Improving Foam Quality in Elks Hills Field | Schlumberger
Case Study

Challenge: Collect enough downhole information to execute foam diversion according to design during the coiled tubing(CT) matrix stimulation of an underperforming oil and gas well

Solution: Implement ACTive real-time downhole CT services to determine bottomhole pressure(BHP) data, which had been calculated years earlier and was often incorrect

Results: Used real-time data to adjust foam quality (FQ) as needed, resulting in excellent diversion and good stimulation. Saved more than USD 10,000 and 5 hours over traditional methods

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Improving Foam Quality in Elks Hills Field

Operator saves more than USD 10,000 using ACTive coiled tubing services

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ACTive real-time data acquistion revealed actual BHP to be 300 psi rather than the expected 1,200 psi.

Uncertain pressure

An operator in Elks Hills oil field encountered complications while stimulating a shale well near Bakersfield, California, US. The well needed treatment on long, heterogeneous intervals (>1,000 ft). Other wells in the shale had low BHP, but exact measurements were unavailable; instead, the operator routinely estimated expected BHP, and the result was not always accurate. Experience had proved that BHP derived from measured wellhead pressure was often inaccurate in low-pressure wells, especially when introducing foam into the annulus. Similarly, accurately deriving BHP from measured circulating pressure was also outside the scope of most simulation software. Without real-time BHP, an assumed BHP was the starting point of any calculation, which resulted in calculated guesswork.

No production log was possible for these wells, so a typical completion strategy was to either run a slotted liner or perforate a large portion of the horizontal completion. During well stimulation, a large mud acid treatment was generally completed with either foamed acid or foam diversion stages. Postjob calculations of FQ suggested some jobs were completed with as little as 30% FQ, when program requirements specified 70%.

For CT matrix stimulation using foam for diversion, the operator needed highly accurate data.

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The accurate DTS data supplied by the ACTive service showed a much lower temperature at the perforated interval compared with the geothermal gradient.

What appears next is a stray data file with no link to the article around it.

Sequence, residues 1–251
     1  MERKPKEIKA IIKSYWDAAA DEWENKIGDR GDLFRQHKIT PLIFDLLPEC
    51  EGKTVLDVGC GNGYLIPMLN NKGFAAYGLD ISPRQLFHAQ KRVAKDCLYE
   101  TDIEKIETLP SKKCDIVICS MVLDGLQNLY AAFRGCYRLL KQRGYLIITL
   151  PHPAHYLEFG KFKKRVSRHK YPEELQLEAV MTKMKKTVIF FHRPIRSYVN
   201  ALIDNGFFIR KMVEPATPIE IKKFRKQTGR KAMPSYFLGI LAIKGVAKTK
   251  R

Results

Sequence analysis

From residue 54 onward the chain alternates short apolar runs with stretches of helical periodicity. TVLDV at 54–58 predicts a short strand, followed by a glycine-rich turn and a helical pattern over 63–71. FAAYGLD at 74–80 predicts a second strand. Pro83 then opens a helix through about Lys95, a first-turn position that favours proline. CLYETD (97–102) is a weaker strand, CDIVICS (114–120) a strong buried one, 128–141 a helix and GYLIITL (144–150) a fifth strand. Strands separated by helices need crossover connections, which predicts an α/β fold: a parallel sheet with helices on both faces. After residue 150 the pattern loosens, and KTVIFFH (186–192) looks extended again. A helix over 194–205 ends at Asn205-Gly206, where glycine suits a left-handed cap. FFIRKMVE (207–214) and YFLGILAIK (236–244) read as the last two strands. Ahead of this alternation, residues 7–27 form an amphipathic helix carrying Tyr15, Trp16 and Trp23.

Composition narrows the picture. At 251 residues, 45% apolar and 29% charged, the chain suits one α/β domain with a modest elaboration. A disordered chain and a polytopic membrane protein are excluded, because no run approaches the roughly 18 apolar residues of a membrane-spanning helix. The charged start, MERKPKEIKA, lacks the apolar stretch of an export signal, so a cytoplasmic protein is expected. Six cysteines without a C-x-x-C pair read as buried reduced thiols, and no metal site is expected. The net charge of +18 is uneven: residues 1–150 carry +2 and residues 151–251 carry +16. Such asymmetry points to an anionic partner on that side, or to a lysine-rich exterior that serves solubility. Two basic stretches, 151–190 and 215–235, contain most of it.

Real-time measurements

Schlumberger proposed the use of ACTive in-well live performance services to solve this problem. The ACTive family uses real-time downhole measurements to interpret and optimize treatments while they are still in progress. These real-time CT services allow monitoring and evaluating job progress, optimizing treatment results, and interveningwith one trip in hole. The system consists of a BHA, surface electronics, and dynamic interpretation software. It delivers internal and external pressure, temperature, casing collar locator (CCL) depth correlation, and a distributed temperature survey (DTS).

In the Elks Hills well, the ACTive service replaced assumed pressures with real-time data, which allowed adjusting rates to meet the specified FQ percentage. ACTive data also confirmed that BHP was only 300 psi instead of the anticipated 1,200 psi. This dramatic difference meant reducing nitrogen gas rates to supply the required 70% FQ during the diversion stage. If rates had been pumped as per design, an FQ of approximately 90% would have been pumped. As a result of the lower-than-expected BHP, a planned nitrogen lift was applied in time.

Less time and cost

The use of the ACTive solution saved the operator more than USD 10,000 and 5 hours of time compared with the traditional methods used in the field. In addition, the updated pressure data provided helpful insight for offset well candidate selection.

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